An analysis of the data in the Swedish Road Traffic Injury Commission showed that there was an increase from 16% in 1989 to 28% in 1994 for patients left with a medical impairment of 10% or more.[17] The cause of chronicity is not known, but appears to be associated with psychological factors. For example, patients who developed nervousness as a result of their accident had a significantly greater risk of long-term chronicity.[18] Shrader and colleagues suggested that disabling or persisting symptoms did not occur as a result of the whiplash injury, but that the symptoms were due to the expectation of disability, a family history of neck pain, or the attribution of pre-existing symptoms to the trauma.[10] They based their study on a retrospective analysis of accident victims and sex-matched and age-matched controls. Crowe, who first described the term whiplash (see the box Whiplash defined), felt that many patients were more disabled by the diagnosis than by the injury itself.[19] Wallis and colleagues studied 137 patients with chronic neck pain following WAD using the SCL-90R psychological profile and the McGill Pain Questionnaire, and found a homogeneous pattern of responses among the chronic complainers that was characterized by high somatization, obsessive-compulsive behavior, and depression.[14] Linton, in reviewing 913 articles assessing psychological risk factors in neck and back pain, concluded that:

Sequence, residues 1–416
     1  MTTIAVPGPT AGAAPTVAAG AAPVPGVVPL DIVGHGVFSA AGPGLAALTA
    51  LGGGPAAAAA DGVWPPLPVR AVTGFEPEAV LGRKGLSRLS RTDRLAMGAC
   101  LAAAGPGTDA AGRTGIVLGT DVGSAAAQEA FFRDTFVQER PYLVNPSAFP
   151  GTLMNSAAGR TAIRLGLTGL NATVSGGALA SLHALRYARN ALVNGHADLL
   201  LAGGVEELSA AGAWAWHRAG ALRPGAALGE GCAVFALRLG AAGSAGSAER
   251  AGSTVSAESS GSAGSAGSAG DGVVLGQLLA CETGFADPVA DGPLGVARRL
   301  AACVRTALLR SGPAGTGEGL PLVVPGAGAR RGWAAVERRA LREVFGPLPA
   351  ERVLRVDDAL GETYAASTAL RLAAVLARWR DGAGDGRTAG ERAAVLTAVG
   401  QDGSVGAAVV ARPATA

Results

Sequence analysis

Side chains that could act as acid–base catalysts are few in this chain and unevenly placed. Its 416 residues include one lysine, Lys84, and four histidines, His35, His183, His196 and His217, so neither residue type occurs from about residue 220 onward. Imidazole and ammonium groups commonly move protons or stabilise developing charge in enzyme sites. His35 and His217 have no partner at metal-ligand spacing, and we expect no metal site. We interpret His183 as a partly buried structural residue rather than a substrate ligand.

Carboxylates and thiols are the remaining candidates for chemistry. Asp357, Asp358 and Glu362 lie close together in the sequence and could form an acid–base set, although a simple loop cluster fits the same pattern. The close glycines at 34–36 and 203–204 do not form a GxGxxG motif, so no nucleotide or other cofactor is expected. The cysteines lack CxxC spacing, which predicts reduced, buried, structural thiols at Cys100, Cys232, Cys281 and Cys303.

• Psychosocial variables were clearly linked to the transition from acute to chronic pain.

  • Psychological factors were associated with reported onset of back and neck pain.

  • Psychosocial variables had more impact than biomedical or biomechanical factors on back pain disability.

  • Cognitive factors (attitudes, cognitive style, fear, avoidance beliefs) were related to the development of pain and disability.

  • Depression, anxiety, distress, and related emotions were related to pain and disability.

  • Psychosocial factors might be used as predictors of the risk for developing long-term pain and disability.[13]

Other risk factors for chronicity include the severity of the injury (patients with a WAD III injury being significantly worse than patients with a WAD I or WAD II injury), prolonged litigation, and prolonged inappropriate treatment[18] (see the Table for classification of WAD 0, I, II, III, and IV).